Natalia Albuquerque

Natalia Albuquerque

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Cultural Evolution Society 2021

Looking at others’ faces may be more important in early infancy

Living in a social group confers an individual many advantages, one being the possibility to obtain relevant information from others. However, one must be able to discriminate what is useful. For instance, human and non-human primates must know who and what to learn from. Here, we investigated the opportunities to obtain visual information from the face of others, which we call VAF (Visual Access to Faces) in a wild population of capuchin monkeys from Brazil. We looked at four infants, aged two and nine months old and aimed at testing the hypothesis that both the identity of the individual the infants were having VAF from and the infants’ age influenced the duration of these opportunities to obtaining information from others’ faces. We looked at 323 VAF events (mean=2.539 seconds±0.489). We used a GLMM (infants as a random factor) including duration of VAFs as dependent variable and individual with whom the VAF occurred and month (2nd or 9th) as fixed factors. We found that the identity of the other monkey was not significant, neither its interaction with month. However, month alone was significant (p=0.016), with a higher mean for the 2nd (3.296±0.653) than the 9th (1.415±0.560) month. From these results it appears that whom the infant is looking at is not relevant, however "when", if earlier or later in infancy, is critical for the acquisition of this sort of social information. That is, accessing and processing this type of visual information provided by faces may be an initial social development pattern.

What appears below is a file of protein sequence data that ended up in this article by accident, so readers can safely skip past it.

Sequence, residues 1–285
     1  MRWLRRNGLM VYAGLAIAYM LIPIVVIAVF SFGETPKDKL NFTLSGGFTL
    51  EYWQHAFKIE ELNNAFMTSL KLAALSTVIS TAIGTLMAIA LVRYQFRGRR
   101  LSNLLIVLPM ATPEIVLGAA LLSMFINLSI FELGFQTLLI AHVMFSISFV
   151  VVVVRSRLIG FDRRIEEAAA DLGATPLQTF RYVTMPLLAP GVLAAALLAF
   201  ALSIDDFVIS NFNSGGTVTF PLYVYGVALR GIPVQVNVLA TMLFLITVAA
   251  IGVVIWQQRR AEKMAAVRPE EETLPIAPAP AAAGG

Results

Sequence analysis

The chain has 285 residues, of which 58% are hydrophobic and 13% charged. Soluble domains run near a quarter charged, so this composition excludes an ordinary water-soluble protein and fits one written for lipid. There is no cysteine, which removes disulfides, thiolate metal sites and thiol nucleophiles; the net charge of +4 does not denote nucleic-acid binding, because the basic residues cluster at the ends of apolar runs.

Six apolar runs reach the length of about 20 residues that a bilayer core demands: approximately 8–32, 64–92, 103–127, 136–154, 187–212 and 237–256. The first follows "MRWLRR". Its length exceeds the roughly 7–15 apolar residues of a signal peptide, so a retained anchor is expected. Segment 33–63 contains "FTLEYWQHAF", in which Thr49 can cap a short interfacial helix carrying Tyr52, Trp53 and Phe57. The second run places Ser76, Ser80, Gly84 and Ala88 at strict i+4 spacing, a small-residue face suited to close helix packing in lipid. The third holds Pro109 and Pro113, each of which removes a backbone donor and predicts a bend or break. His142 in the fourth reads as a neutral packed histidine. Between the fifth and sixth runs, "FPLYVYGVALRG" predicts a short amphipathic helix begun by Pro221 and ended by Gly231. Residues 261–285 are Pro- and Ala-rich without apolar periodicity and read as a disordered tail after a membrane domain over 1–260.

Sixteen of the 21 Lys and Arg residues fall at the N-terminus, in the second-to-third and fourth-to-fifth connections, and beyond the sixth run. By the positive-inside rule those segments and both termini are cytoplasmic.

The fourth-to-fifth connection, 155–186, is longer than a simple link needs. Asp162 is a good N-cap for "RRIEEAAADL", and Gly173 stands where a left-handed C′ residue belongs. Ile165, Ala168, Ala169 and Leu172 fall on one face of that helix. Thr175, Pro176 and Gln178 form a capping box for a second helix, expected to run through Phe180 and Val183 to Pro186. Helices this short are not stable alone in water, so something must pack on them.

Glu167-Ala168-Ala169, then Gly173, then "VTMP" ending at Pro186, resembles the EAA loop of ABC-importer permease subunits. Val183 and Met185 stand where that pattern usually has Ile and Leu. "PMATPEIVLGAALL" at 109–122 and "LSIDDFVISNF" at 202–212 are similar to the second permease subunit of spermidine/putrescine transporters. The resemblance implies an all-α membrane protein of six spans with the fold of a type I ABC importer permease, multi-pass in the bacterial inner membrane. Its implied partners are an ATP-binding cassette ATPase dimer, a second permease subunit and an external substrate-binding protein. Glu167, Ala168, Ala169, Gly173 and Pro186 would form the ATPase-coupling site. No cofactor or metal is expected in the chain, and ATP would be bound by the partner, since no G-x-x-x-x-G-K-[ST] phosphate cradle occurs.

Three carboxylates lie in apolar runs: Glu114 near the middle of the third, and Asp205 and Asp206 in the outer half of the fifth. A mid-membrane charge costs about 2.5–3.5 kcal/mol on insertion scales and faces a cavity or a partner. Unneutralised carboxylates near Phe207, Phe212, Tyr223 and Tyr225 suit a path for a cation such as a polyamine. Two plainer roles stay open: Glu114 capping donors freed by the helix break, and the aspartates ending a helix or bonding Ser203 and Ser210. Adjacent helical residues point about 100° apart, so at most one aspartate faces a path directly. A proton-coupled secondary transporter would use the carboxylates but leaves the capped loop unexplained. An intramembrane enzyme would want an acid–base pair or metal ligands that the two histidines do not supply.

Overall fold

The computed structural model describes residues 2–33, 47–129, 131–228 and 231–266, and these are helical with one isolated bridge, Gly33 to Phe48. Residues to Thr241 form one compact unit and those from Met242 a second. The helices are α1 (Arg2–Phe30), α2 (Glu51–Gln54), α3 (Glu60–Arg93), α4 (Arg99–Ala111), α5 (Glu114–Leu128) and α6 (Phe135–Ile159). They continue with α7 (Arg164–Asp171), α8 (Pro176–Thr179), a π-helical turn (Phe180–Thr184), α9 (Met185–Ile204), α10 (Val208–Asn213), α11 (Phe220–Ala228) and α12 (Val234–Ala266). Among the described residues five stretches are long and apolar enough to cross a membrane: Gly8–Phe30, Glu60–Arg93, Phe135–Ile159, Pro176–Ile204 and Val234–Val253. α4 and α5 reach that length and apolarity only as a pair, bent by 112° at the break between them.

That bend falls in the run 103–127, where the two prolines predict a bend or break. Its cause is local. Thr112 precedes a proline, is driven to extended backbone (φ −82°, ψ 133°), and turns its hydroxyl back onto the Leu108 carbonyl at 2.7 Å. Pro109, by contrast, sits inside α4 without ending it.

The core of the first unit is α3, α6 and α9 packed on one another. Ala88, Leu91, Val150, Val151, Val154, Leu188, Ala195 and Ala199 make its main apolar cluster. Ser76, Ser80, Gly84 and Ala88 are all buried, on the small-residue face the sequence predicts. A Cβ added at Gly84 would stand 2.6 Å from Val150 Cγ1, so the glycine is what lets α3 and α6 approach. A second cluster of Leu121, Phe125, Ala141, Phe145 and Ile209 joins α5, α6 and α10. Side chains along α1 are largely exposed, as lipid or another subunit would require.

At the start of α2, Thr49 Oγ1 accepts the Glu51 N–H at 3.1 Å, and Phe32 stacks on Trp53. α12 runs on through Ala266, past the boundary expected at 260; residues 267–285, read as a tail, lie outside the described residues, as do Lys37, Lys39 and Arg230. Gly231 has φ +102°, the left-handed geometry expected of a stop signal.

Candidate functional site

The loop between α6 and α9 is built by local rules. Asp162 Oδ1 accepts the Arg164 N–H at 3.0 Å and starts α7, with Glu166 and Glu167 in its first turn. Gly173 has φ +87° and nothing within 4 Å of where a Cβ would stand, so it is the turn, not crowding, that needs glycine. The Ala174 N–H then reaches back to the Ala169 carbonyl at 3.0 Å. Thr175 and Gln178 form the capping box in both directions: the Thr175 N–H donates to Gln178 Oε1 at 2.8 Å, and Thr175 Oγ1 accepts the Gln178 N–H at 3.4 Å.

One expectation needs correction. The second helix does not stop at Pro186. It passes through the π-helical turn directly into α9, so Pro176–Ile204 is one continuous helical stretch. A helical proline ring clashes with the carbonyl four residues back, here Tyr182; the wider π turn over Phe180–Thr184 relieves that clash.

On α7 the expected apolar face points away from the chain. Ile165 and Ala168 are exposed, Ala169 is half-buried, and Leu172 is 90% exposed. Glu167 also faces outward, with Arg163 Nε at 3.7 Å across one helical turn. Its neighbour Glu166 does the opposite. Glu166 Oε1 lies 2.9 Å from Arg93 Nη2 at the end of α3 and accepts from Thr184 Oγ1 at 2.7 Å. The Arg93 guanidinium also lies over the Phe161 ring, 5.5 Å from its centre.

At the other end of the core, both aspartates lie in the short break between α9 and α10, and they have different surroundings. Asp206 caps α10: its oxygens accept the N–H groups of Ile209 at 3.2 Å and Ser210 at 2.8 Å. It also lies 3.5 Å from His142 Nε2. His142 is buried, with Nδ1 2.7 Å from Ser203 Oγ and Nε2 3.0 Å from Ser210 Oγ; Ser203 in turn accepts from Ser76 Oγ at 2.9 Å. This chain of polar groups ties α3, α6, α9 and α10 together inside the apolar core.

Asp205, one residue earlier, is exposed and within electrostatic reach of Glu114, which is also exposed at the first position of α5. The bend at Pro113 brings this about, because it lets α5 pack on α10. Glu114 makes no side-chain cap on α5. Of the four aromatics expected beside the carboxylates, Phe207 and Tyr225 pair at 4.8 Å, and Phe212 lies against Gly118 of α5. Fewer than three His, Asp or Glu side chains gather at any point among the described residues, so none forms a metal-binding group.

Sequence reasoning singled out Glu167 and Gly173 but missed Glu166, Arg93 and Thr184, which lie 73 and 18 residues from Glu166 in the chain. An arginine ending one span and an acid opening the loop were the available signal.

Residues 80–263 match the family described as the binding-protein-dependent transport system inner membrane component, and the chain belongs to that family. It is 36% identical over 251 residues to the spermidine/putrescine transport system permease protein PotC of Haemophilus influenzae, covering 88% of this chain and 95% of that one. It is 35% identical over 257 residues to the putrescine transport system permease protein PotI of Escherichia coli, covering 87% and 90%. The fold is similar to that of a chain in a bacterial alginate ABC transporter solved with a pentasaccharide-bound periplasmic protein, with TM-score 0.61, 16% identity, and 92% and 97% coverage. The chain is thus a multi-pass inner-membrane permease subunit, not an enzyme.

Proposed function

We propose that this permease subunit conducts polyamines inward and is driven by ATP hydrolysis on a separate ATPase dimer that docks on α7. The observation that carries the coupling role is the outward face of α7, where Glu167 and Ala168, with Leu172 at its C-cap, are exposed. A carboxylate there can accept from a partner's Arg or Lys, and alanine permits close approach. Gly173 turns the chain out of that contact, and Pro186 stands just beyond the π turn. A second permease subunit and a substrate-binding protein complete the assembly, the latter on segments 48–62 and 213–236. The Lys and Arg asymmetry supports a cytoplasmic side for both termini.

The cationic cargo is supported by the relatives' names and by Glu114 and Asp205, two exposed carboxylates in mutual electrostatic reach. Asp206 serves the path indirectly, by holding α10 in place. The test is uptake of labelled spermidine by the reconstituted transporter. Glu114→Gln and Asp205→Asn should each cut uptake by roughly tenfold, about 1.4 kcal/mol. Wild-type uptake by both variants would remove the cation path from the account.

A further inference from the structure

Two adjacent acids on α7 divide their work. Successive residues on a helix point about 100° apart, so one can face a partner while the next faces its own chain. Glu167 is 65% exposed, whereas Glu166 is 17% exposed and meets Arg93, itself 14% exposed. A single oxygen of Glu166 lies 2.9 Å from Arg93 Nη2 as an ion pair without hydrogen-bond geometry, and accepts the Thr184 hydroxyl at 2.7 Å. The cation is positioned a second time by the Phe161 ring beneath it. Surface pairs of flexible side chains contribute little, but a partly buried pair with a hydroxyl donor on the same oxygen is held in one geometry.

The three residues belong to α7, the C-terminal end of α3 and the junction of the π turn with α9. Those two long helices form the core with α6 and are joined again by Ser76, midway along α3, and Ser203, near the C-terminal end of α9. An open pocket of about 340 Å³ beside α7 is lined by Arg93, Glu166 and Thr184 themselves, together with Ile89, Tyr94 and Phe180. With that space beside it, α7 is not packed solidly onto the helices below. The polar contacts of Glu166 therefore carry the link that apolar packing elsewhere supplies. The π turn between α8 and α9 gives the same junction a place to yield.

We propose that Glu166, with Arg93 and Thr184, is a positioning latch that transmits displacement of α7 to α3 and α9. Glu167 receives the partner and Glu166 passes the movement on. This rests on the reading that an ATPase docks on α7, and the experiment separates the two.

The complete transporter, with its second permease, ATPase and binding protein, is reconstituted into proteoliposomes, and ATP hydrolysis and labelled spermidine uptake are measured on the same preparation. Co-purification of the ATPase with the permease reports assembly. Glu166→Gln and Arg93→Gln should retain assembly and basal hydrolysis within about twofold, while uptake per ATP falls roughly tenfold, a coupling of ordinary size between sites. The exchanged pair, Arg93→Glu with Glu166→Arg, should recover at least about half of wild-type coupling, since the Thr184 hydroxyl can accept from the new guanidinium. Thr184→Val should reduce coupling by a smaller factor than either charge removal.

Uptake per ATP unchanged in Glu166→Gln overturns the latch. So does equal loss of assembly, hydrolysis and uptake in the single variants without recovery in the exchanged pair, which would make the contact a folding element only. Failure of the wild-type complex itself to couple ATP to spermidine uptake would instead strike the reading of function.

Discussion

Keywords: Sapajus libidinosus, social behaviour, social cognition, social regulation, visual processing

Funding: Fapesp


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